DUBAI, July 30 (Reuters), reports The Daily Bail – “An Iranian court has sentenced four people to death for a billion-dollar bankfraud that tainted the government of President Mahmoud Ahmadinejad, state media reported on Monday.
Iranians, hit by sanctions and soaring inflation, were shocked by the scale of the $2.6 billion bank loan embezzlement that was exposed last year and by allegations it was carried out by people close to the political elite or with their assent.
Of the thirty-nine people tried for the fraud – the biggest in the Islamic Republic’s history – four were sentenced to hang, the IRNA state news agency reported.
“According to the sentence that was issued, four of the defendants in this case were sentenced to death,” prosecutor general Gholam-Hossein Mohseni-Ejei told IRNA.
Two people were sentenced to life and others received jail sentences of up to 25 years, Mohseni-Ejei said. In addition to jail time, some were sentenced to flogging, ordered to pay fines and banned from government jobs.” Continue reading…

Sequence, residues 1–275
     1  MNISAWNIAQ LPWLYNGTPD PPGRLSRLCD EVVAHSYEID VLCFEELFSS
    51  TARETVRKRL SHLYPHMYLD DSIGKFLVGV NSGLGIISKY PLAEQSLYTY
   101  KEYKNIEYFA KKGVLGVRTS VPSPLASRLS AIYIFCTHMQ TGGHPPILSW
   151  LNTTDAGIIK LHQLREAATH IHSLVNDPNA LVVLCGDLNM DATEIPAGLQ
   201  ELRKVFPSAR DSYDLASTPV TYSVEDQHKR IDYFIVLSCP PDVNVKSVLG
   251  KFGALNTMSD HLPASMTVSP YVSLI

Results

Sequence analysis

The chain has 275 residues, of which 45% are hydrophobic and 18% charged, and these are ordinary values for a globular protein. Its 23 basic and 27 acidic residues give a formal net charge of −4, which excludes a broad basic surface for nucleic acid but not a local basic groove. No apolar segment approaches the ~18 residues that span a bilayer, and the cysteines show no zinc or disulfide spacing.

Iran is not the only country that takes financial crimes seriously. According to China’s criminal law, someone convicted of financial fraud involving a large sum can face capital punishment.
- Wang Liming, former accounting officer, China Construction Bank, Henan, with others stole 20 million yuan ($2.4 million in U.S. Currency) from the bank using fraudulent papers, executed.
- Miao Ping, an accomplice in the same case, executed.
- Wang Xiang, same bank in an unrelated case, also executed for taking 20 million yuan from the bank.
- Liang Shihan, Bank of China, Zhuhai, executed for helping cheat his bank out of $10.3 million US.